Travel Weekly editor Michael Ardizzone toured the Italian
region of Umbria by train, using Rome as his base. His report
ome is not your typical
day-trip hub. You could spend two weeks inside the city and still
not see everything.
But it's good to know that an agent can design a Rome itinerary
with convenient day trips to outlying destinations.
A recent trip to the Eternal City afforded me the opportunity to
take excursions to Orvieto, Spoleto and Assisi, all hill towns in
the region of Umbria, and each within two-and-a-half hours by train
Some people will tell you that traveling in Europe by car is
more convenient and preferable to trains. Not in Italy, and not for
me. The train generally is faster and, I would argue, much more
The 'new Tuscany'
Umbrians are hoping their home becomes the "new Tuscany," and it
seems only a matter of time before this Italian region joins its
more-celebrated neighbor as one of the most sought-after
international destinations for U.S. tourists.
It has much of the same appeal as Tuscany: interesting
city-towns, art treasures, excellent food, wonderful vistas, the
Italian enjoyment of life, but with -- for the time being --
On to Orvieto
Before this trip, my first to Orvieto, I had been told the
cathedral there was the most spectacular in Italy.
How could that be? It surpasses the duomos in Milan and
Florence? Not a chance. But upon seeing the cathedral, I had to
Dating from about 1290, the Gothic structure features a rose
window, bronze doors and colorful mosaics, while the facade has
huge, intricate bas-relief works that tell biblical stories.
interior is equally impressive, with vivid frescoes by Luca
Signorelli and large, stained-glass windows.
Train travelers arrive in Orvieto at the foot of a mountain;
from there, a funicular takes them to the top, where the views are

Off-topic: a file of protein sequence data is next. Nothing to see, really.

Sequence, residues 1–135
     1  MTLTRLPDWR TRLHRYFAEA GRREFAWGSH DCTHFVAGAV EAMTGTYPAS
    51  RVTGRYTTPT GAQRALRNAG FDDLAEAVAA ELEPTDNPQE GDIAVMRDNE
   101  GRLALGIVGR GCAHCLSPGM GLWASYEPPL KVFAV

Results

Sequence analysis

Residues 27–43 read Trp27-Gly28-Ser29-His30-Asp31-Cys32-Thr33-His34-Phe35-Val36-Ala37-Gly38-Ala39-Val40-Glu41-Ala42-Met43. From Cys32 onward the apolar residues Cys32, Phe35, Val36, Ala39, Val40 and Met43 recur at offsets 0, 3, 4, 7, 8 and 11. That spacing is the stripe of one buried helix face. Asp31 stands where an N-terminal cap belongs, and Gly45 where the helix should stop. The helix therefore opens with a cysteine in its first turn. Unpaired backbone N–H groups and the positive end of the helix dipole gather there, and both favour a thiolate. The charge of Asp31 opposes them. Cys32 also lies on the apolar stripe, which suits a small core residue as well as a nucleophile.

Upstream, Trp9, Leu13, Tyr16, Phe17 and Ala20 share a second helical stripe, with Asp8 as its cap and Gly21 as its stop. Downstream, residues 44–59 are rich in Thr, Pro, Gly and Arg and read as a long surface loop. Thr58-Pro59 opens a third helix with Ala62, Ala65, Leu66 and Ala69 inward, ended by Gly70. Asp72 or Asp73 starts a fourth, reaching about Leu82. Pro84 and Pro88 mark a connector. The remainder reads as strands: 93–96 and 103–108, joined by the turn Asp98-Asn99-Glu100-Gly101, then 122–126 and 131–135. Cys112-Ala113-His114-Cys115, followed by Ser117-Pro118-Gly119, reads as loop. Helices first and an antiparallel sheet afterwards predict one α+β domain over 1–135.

Orvieto, known for its wine since the time of the Etruscans,
boasts several piazzas, numerous other churches and a few
For an unusual experience, travelers should visit the Pozzo di
San Patrizio, or St. Patrick's Well, about 200 feet deep and now
A circular walkway -- once used by pack animals -- leads to the
bottom, and a corresponding walkway leads back up. There are arched
windows all along the way.
A small city with flower-bedecked balconies and narrow streets,
Spoleto stands out on the travel map thanks to an international
arts festival held there each year during the summer. (This year,
it ran from June 28 to July 14; 2003 dates have not been
Sponsored by maestro Gian Carlo Menotti and his son, Francis,
the Spoleto Festival features the biggest names in international
For more details, visit www.spoletofestival.it.
Because of the festival's popularity, hotels in the area fill up
quickly. Unless your clients are going to Spoleto specifically for
the festival, don't send them during that time.
Spoleto, like its Umbrian neighbors, is perfect for strol-ling,
stopping to eat and enjoying the easy pace of a beautiful hill
As in Orvieto, a highlight is its local duomo, which features
restored frescoes by Fra Filippo Lippi.
In addition, a walk to and across the Ponte delle Torri, a
14th-century bridge, is worth the trip. If visitors can stand the
750-foot walk 262 feet over the gorge below, they'll be rewarded
with a breathtaking view.
There is no direct train route to Assisi from Rome -- one must
make a quick change at Foligno. Arriving by train brings travelers
to the foot of a mountain, and shuttle buses take them into
From there, it's a few minutes' walk (uphill) to the main
attraction, the Basilica of St. Francis, a majestic structure that
dominates the town.
Within the basilica, a series of large frescoes by early
Renaissance master Giotto depict, in wonderful detail, the life of
There is a small museum with relics, including the saint's
habit. The tomb of St. Francis is in a small, subterranean
Assisi also is home to several other interesting churches,
including the small church where St. Francis is said to have been
For more information on Umbria, contact the Italian Government
Tourist Office in New York at (212) 245-5618 or (212) 245-4822, or
visit www.italiantourism.com and www.umbriatourism.com.